The Resilience of Religion in American Higher Education
295 pages, 6.00 x 9.00 in
- ISBN: 9781481308717
- Published: September 2018
A well-worn, often-told tale of woe. American higher education has been secularized. Religion on campus has declined, died, or disappeared. Deemed irrelevant, there is no room for the sacred in American colleges and universities. While the idea that religion is unwelcome in higher education is often discussed, and uncritically affirmed, John Schmalzbauer and Kathleen Mahoney directly challenge this dominant narrative.
The Resilience of Religion in American Higher Education documents a surprising openness to religion in collegiate communities. Schmalzbauer and Mahoney develop this claim in three areas: academic scholarship, church-related higher education, and student life. They highlight growing interest in the study of religion across the disciplines, as well as a willingness to acknowledge the intellectual relevance of religious commitments. The Resilience of Religion in American Higher Education also reveals how church-related colleges are taking their founding traditions more seriously, even as they embrace religious pluralism. Finally, the volume chronicles the diversification of student religious life, revealing the longevity of campus spirituality.
Far from irrelevant, religion matters in higher education. As Schmalzbauer and Mahoney show, religious initiatives lead institutions to engage with cultural diversity and connect spirituality with academic and student life, heightening attention to the sacred on both secular and church-related campuses.
For decades, conventional wisdom saw America’s universities as bastions of secularity and agents of secularization. But the authors of this book show that interest in religion has grown robustly on campus, among both faculty members and students. Religion thrives now, both as a subject of study and as a personal quest. College graduates now are more religiously observant than non-attenders, and there has been a major outpouring of religiously focused scholarship and art. This book is a tour de force, a major synthesis of decades of research. It will change the conversation about religion and higher education.~Joel Carpenter, Professor and Director, Nagel Institute for the Study of World Christianity, Calvin College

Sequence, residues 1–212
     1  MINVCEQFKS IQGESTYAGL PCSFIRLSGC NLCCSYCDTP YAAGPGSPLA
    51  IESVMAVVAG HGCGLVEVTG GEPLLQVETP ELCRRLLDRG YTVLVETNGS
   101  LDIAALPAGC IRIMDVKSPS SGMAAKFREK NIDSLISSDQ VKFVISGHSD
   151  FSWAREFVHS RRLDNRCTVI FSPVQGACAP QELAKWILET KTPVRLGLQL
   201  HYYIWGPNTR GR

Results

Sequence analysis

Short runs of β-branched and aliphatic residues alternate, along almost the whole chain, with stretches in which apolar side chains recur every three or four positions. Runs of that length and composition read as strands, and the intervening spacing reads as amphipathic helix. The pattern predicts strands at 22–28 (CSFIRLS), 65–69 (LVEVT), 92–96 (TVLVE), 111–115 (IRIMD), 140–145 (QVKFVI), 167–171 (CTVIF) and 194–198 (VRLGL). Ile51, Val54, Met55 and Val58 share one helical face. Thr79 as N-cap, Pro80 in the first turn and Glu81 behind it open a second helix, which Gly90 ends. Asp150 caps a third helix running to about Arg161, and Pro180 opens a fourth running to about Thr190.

The Resilience of Religion in American Higher Education demonstrates that during the past thirty years, religion has made a notable comeback on many fronts in American higher education. It is impressively researched, remarkably comprehensive, and admirably balanced.~George Marsden, author of The Soul of the American University and The Outrageous Idea of Christian Scholarship
This study is carefully argued and exhaustively researched. Schmalzbauer and Mahoney make their claims clear, provide ample theoretical grounding (particularly in sociological terms), and assemble an impressive array of evidence.~Benjamin P. Leavitt, Reading Religion
The Resilience of Religion in American Higher Education is an essential read for individuals working with religion on today’s campus, whether they are administrators, ministers, faculty, or the average person in a faith community who wants to support religious and spiritual exploration by college students.~Amy J. Rio, Convergence Magazine
Schmalzbauer and Mahoney combine the very best of history and sociology to analyze the most important facets of religion in higher education. Anyone who cares about the past or the future of American higher education should read this volume.~Elaine Howard Ecklund, Herbert S. Autrey Chair in Social Sciences, Rice University
John Schmalzbauer and Kathleen Mahoney shed necessary light on the resurgence of religion in higher education. Their work beautifully analyzes the recent trends experienced by college and university campuses all across the country and demonstrates the significance of the church and its role in supporting educational endeavors. I highly recommend this book to anyone with a passion for education, leadership, and faith.~D. Michael Lindsay, President, Gordon College